return (TransactionTokenBean) webApplicationContext.getBean(ajax ? "ajaxTransactionTokenBean"
            : "transactionTokenBean");

void setWebApplicationContext(WebApplicationContext context) {
    this.webApplicationContext = context;


relevant part of web.xml:





the TransactionTokenBean:

<bean id="transactionTokenBean" class="xxx.common.web.bean.support.TransactionTokenBean"
    init-method="init" scope="session">
    <property name="randomizer" ref="randomizer" />
share|improve this question
Whatdoes your web.xml and application.xml look like? Why are you using a Servlet Filter and not adding your custom SecurityFilter to the Spring Security Filter chain? – Gandalf Apr 26 '10 at 19:28
I edited my question to include the web.xml and applicaton.xml parts. I'm using a Servlet Filter because that's how it was setup in this company, I had to reuse that code. Nothing is keeping me from doing it differently though. Would that solve my problem you think? – Nicolas Mommaerts Apr 27 '10 at 8:58
Generally in Spring Security you add custom filters to the SecurityFilterChain (which is itself a single Servlet Filter controlled by Spring). See : static.springsource.org/spring-security/site/docs/3.0.x/… Not sure if this will fix the issue (probably not) but it's good practice. Will keep thinking. – Gandalf Apr 27 '10 at 15:27
up vote 1 down vote accepted

Do you want to accept that first POST request or not (since you say the token is intended for security purposes as well as preventing duplicate form submission)? It wouldn't normally be the case that you would want to accept a POST from a previous session when you're using synchronizer tokens, so why not just start the user at a clearly defined URL when they log in (which Spring Security supports)?

If you really want to continue the previous transaction, you can extend Spring Security's AuthenticationProcessingFilter's onSuccessfulAuthentication method and introspect the SavedRequest (stored in the session) to determine the previous token value. You could then initialize your TransactionTokenBean with this value so that it would be accepted on the subsequent request.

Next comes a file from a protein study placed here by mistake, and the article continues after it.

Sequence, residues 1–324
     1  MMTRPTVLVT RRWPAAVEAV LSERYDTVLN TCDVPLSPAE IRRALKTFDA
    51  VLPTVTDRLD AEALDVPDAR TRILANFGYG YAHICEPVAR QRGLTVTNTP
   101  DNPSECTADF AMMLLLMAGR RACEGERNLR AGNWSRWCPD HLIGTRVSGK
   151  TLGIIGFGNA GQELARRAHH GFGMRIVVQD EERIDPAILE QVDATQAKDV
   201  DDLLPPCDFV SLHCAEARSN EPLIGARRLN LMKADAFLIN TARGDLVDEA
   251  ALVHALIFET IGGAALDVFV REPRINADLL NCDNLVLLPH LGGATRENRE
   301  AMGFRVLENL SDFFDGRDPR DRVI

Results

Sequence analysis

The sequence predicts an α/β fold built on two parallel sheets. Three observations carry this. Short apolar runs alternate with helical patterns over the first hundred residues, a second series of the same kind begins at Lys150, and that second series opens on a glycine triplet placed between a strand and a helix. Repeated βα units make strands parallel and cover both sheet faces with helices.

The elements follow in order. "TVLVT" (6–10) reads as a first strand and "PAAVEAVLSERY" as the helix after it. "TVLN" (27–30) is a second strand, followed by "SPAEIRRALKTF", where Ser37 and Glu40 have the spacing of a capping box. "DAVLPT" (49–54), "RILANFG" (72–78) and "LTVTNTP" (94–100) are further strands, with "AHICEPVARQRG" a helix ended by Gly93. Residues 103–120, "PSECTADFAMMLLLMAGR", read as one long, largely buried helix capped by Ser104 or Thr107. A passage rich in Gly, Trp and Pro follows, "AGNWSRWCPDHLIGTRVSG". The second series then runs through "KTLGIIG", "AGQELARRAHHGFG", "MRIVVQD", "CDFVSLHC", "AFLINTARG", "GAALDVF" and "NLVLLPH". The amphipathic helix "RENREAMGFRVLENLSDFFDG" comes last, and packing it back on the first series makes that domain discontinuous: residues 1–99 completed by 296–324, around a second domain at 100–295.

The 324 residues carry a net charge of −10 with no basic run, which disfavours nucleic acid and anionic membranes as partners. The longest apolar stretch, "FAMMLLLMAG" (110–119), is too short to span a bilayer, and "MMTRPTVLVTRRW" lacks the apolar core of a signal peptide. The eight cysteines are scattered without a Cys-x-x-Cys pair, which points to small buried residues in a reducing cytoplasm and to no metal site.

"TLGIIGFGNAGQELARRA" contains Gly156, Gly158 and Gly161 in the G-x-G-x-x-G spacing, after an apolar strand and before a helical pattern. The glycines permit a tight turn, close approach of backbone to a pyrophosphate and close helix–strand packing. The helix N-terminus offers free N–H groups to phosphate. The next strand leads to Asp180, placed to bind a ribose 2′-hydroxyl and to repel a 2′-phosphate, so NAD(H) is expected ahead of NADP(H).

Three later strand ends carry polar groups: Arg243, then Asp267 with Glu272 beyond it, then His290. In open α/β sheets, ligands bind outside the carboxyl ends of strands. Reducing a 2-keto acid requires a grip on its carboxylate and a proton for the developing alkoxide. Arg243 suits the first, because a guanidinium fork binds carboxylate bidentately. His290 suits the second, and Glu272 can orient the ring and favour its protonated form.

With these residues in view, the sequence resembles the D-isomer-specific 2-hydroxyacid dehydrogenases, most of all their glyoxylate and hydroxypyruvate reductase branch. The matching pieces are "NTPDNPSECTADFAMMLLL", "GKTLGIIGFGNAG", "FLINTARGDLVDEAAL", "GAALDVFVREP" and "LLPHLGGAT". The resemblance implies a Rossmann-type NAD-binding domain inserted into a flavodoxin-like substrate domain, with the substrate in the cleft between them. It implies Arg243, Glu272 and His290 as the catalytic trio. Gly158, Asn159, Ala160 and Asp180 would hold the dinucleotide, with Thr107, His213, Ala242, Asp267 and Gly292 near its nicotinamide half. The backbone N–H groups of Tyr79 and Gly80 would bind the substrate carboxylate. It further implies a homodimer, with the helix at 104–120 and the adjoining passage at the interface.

The request caching code in Spring Security 3 is a lot more flexible, so if you can upgrade that would be advisable.

share|improve this answer
We do start on a clearly defined URL, and I don't want to let the user continue with his work after logging in again after timeout but that seems to be the default behaviour of the Spring Security. I would prefer to just let the user login again and start on the usual first page. Any idea how to accomplish that? I've already tried to reach the SavedRequest from within the SecurityFilter, but the SavedRequestWrapper doesn't expose it. Extending the AuthenticationProcessingFilter might be an option, I'll try that unless I find out how to not continue with the previous transaction. – Nicolas Mommaerts Apr 28 '10 at 14:36
If you want to start at the same page every time (and ignore the SavedRequest), use the default-target-url and always-use-default-target-url attributes on the namespace form-login element. – Luke Taylor Jun 15 '10 at 19:56

Why make the bean session scoped? Sounds more like you want a token that lives forever - even through a new login. This sounds more like a job for a cookie with no timeout.

share|improve this answer
The servlet resets the token every POST. The client sends the token on every request, that should match with the one last generated by the TransactionTokenBean. Hence session scoped. – Nicolas Mommaerts Apr 27 '10 at 16:48

Your Answer


By posting your answer, you agree to the privacy policy and terms of service.

Not the answer you're looking for? Browse other questions tagged or ask your own question.